of blindness in five groups; (a) Totally blind or mere light per-
ception. (b) Perception of motion (under 5/200). (c) "Travelling
sight" (5/200 but beneath 10/200). (d) Ability to read large head-
lines (10/200 but beneath 20/200). (e) Border-line group of acuity
of 20/200 and those whose actual central acuity may be better than
this figure, but in whom there is a field defect.
As to causes of blindness the aetiological factor is summarised in
five groups. At the present time the largest group (40 to 60 per
cent.) is the " unknown." Next come the infectious diseases,
accounting for from 15 to 25 per cent. of cases. Syphilis and
ophthalmia neonatorum are the most important members of this
group. Accidents come next, 15 per cent. or more of blindness.
Congenital and hereditary causes cause about 10 per cent., and
lastly non-infectious systemic diseases which account for rather less
than 5 per cent.).
The anatomical site in the causes of blindness is also summarised
in eight groups. One case in four or thereabouts is due to cataract.
Optic atrophy comes next and includes from 15 to 20 per cent. of
the cases. Glaucoma causes more than 10 per cent. Choroido-
retinal affections account for about 10 per cent. Corneal opacities
(largely ophthalmia neonatorum, syphilis and in some places,
trachoma) are responsible for about 10 per cent. Developmental
anomalies and degenerative changes account for another 10 per
100 THE BRITISH JOURNAL OF OPHTHALMOLOGY
cent. Uveitis (including iris and ciliary body) account for more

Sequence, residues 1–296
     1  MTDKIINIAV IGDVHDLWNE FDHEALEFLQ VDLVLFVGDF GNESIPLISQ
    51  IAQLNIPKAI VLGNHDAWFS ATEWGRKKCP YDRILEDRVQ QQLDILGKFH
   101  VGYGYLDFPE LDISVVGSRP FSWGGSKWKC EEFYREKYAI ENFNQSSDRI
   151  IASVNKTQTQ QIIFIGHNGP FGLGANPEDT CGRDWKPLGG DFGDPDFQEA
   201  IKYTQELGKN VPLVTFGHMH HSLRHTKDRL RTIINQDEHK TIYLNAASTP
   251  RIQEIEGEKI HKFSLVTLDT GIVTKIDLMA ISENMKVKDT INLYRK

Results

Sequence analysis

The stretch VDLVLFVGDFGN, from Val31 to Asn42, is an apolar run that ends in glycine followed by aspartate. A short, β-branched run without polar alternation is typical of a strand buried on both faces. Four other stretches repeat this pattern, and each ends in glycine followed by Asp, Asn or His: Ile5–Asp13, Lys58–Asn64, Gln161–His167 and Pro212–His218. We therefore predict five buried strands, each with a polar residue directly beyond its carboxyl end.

than 5 per cent., while refractive errors, chiefly myopia, account for
a small percentage (under 5 per cent.).
The age at onset of blindness should be stated as definitely as is
possible. Miss Kerby gives some interesting figures from the 1920
census, e.g., the incidence of blindness among children under five
years of age is about 2 in 10,000. The rate falls during preschool,
school and adolescent periods but again reaches 2 at about the age
of 35 years. It increases up to the age of 60 when it is about 9 in
10,000; and rapidly thence onwards to 75 in 10,000 at the age of
80 or over. "These figures," she says, "at first glance seem to
confirm the popular theory that if one lives long enough, he may
become blind. (The chances are one in 130 for persons over
Miss Kerby ends with a word of warning. Her statistics are
based on comparative analysis of such data as are available. The
figures are incomplete and too much faith must not be placed in
their entire accuracy. It is highly desirable that the statistics
which have still to be compiled shall have a much higher degree of
uniformity in order that the findings of various studies may be
combined and compared. For this reason the recommendations of
the Committee on Statistics of the Blind, which set a pattern of
minimum standards, are stressed.
(1) McKee, S. Hanford (Montreal).-Two cases of diphtheria of
the conjunctiva. Canadian Med. Assoc. Ji., October, 1936.
(1) McKee reports two cases of primary conjunctival diphtheria
in a boy aged nine years and a girl aged five years. Each case
was of the superficial, or croupous, form.
In the case of the boy, the micro-organism, both morphologi-
cally and biochemically, was atypical but guinea-pig inoculation
proved it to be a true diphtheria bacillus of mild virulence. In the
case of the girl, the degree of virulence was high. In neither case
was their evidence of diphtheria in any other region of the body.
The bacteriological report on the case of the boy is worth
abstracting. "'A guinea-pig was injected with the culture as
received. Only a slight local induration resulted. Metachro-
matic granules were not a prominent feature of the organism, and